Someone once pointed out to me that he would rather trust God than science because science keeps changing while the Bible has remained the same for thousands of years.
Some people think that constancy is a good thing. In some cases, it is, but in many others, it’s not. The Biblical text may have remained the same but our understanding and interpretation of it certainly has not. I, for one, am certainly glad that we no longer execute homosexuals (Leviticus 20:13), nor stone to death non-believing relatives — with your own hands no less (Deuteronomy 13:6-10), nor decimate entire towns that entice you to believe in other gods (Deuteronomy 13:12-16). Imagine the killing spree that would happen should you open your doors to a couple of Mormon missionaries. Imagine the bloodbath that would happen.
But wait, one need not imagine for it has already happened in the Crusades of the middle-ages, the Salem witch trials, and other such events in the annals of history.
Now tell me again why being unchanging is actually a good thing.
Many people find comfort in constancy. They want a stable job, a steady income, a close set of friends and so on. That is but natural and I’m not making a judgement call on whether that’s good or bad. It is what it is. Now, it is good in a sense that your life becomes quite predictable and free from nasty surprises. However, constancy can also prevent you from moving forward and radically improving your life.
In fact, the reason I trust science more than the Bible is because science is honest enough to discard or modify its own principles when sufficient evidence arises to warrant a change. Granted, there are unscrupulous scientists who falsify evidence in their favor, but then again, there are unscrupulous people anywhere, be it in business, politics or religion. In no way does the presence of such individuals invalidate the scientific method. If anything, it serves to show that no matter how plausible or philosophically elegant a claim is, it can be discarded based on the evidence or counter-evidence.
Science can show that whether your skin color is black, white, yellow or brown, you are not inferior or superior to another and this cannot be used as a justification for slavery. Science can show that man and woman are essentially the same, yet it took thousands of years for people steeped in superstition to accept that and give the same rights to both. Even today, with all the evidence available, that same right is not yet a given in all countries or cultures. Science can show that homosexuality is a natural phenomenon occurring in various animal species and although much research and debate is still ongoing, it certainly is no cause to pour hatred or condemnation on the LGBT community, nor lump them together with murderers and thieves as in 1 Timothy 1:9-10.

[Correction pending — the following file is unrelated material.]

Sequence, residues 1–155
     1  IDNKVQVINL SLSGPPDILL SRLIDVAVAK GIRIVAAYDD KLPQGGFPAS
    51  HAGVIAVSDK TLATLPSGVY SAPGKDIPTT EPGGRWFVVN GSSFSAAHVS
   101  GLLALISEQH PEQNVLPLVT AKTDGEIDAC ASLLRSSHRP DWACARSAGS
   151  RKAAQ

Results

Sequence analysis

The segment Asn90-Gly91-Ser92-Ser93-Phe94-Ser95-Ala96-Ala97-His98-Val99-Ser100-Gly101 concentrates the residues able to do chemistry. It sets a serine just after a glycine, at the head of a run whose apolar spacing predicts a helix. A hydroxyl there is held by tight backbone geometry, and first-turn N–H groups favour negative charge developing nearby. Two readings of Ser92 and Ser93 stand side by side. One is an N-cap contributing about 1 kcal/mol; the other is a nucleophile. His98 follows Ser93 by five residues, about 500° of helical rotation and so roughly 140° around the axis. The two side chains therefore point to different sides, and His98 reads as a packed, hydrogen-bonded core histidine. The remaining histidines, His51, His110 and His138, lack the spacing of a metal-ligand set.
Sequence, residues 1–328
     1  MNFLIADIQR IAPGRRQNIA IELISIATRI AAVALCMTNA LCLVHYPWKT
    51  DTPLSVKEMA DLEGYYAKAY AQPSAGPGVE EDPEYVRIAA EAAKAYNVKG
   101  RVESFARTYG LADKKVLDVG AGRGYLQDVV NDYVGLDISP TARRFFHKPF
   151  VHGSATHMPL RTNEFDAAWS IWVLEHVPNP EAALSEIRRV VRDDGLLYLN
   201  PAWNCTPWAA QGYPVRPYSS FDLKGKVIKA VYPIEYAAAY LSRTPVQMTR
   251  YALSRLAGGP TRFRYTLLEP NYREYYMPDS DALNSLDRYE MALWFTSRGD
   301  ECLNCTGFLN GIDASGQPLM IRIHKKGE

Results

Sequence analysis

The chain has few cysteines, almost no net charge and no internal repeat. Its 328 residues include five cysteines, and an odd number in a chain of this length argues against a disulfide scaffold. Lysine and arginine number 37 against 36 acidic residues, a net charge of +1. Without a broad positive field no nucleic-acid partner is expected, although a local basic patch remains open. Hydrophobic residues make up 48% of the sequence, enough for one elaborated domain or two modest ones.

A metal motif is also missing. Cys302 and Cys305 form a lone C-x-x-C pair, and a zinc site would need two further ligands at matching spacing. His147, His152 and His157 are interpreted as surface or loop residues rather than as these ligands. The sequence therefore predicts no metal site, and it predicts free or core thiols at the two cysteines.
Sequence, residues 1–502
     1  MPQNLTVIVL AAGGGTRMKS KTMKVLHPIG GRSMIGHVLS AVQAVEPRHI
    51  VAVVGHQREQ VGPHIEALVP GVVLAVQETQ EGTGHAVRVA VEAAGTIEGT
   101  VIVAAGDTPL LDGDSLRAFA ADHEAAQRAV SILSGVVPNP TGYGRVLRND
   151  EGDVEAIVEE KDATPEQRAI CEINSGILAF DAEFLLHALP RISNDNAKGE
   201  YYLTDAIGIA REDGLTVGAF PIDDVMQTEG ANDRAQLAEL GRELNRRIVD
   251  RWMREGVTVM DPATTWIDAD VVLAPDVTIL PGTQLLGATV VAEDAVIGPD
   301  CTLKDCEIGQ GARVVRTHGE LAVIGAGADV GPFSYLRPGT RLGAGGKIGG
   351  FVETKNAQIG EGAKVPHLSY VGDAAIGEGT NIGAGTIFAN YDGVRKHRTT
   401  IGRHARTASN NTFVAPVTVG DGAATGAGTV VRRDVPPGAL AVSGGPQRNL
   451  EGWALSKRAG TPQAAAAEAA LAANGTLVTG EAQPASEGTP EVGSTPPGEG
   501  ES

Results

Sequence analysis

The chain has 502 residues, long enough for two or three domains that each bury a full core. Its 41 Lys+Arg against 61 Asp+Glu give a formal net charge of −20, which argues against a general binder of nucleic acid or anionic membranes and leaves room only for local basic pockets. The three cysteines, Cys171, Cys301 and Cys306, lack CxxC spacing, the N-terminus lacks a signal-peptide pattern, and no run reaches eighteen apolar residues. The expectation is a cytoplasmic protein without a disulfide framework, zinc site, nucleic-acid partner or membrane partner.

The great comfort I derive from uncertainty is that there is always the possibility of changing for the better. Of course, one can always take a turn for the worse but that is a necessary risk, or one will forever be stuck in a meaningless cycle of existence — a point excellently made in the 1998 film, Pleasantville, starring Tobey Maguire (before his Spiderman days) and Reese Witherspoon.
This is not to say that science is always uncertain. We can be certain of things to a reasonable degree. I trust in science and the scientific method because it works. When you drop a ball, you can reasonably expect it to fall downwards instead of falling upwards. When you build a rocket based on sound science, it flies into space. When you create medicine based on science, it alleviates pain and suffering.
And yet, the beauty of it is that science is always open to new discoveries and new principles that can supersede the old. It does not brand as heretics those who want to disprove Einstein or Hawking as long as they can back it up with sound data or mathematics. Now, try raising your hand at the next church service and seriously question the virgin birth of Jesus, or his resurrection.
Let me know how that goes.
Originally published in Sunstar Davao.